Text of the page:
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Developing Nations: "Our Pollution is Your Consumption"

MPRC Faculty Associate Klaus Hubacek demonstrates how material consumption in rich countries is fueled by pollution and environmental destruction in the developing world

Excess consumption in wealthier countries is directly responsible for environmental degradation and poor health in other parts of the world, according to Dr. Klaus Hubacek. Hubacek uses big data and GPS technology to map socioeconomic data, toxic pollution, and health outcomes in order to show how consumption patterns in one part of the world impact environmental conditions in another.

Dr. Hubacek recently completed a project showing the connections between countries’ level of development and their emissions, respiratory diseases, and mortality rates. Wealthier countries are often able to keep pollution levels low by “outsourcing” their dirtier manufacturing practices to places with cheaper labor and looser environmental regulations. Many of the goods produced in developing countries are ultimately consumed elsewhere, leaving local people to suffer the environmental and health effects of dirty manufacturing while the goods they produce are enjoyed by someone else.

Pollution outsourcing also happens within countries, as companies in wealthier regions relocate their manufacturing to poorer areas. In China, for example, manufacturing is moving from the more affluent coastal provinces to poorer inland regions in order to reduce costs and take advantage of weaker environmental regulations. In the United States there are significant regional differences in manufacturing, pollution, and consumption.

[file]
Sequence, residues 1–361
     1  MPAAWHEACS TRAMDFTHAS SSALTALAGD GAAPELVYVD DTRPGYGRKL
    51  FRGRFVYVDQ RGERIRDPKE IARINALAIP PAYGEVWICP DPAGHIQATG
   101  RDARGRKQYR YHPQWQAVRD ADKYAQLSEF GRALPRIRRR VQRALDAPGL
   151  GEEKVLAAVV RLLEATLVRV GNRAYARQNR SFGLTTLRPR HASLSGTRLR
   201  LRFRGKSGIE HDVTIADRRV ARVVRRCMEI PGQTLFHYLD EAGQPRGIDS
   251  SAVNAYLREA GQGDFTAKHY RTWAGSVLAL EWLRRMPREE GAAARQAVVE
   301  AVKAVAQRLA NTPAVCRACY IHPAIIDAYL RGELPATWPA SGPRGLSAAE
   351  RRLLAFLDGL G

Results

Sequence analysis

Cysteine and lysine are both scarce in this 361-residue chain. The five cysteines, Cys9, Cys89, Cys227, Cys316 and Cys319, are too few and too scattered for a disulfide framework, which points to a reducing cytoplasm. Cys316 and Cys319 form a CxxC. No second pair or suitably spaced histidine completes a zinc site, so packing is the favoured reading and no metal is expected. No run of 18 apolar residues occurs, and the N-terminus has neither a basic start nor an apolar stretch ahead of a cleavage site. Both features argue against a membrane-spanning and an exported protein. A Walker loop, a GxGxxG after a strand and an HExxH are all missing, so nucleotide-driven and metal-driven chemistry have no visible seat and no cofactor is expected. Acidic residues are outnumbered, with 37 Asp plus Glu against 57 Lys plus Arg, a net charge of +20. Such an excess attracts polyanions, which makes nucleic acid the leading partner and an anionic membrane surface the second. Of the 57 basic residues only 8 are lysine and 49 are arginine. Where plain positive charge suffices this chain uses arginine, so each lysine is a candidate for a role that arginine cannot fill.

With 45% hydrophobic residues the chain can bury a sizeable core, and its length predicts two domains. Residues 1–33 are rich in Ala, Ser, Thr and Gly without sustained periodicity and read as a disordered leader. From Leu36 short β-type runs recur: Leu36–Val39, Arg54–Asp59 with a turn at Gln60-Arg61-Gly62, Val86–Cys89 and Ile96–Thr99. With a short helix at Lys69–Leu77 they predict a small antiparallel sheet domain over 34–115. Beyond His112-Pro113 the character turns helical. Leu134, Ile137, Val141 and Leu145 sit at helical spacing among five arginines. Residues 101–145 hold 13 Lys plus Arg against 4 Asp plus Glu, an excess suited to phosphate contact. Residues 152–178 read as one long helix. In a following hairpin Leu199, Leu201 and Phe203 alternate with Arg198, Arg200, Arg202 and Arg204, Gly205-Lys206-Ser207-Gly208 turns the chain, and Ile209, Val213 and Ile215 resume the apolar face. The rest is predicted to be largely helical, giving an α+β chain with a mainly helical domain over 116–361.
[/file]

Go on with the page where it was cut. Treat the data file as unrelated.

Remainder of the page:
Dr. Hubacek is currently working on a project to build a global map of cities and their development characteristics. Since statistics on urban development are not available for some parts of the world, night light data will serve as a proxy for development. The map will show cities’ levels of CO2 and other toxic emissions.

Research that explores the complex linkages between consumption patterns, global supply chain networks, and environmental and health outcomes is an important step towards understanding how lifestyles and local consumption activities are shaped by local factors, and how these translate into environmental impacts across the world.